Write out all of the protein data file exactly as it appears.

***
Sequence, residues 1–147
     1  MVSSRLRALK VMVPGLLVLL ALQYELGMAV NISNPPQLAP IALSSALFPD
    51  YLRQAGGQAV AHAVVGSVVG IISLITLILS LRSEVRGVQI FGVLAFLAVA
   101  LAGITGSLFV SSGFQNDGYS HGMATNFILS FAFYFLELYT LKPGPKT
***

Sequence, residues 1–147
     1  MVSSRLRALK VMVPGLLVLL ALQYELGMAV NISNPPQLAP IALSSALFPD
    51  YLRQAGGQAV AHAVVGSVVG IISLITLILS LRSEVRGVQI FGVLAFLAVA
   101  LAGITGSLFV SSGFQNDGYS HGMATNFILS FAFYFLELYT LKPGPKT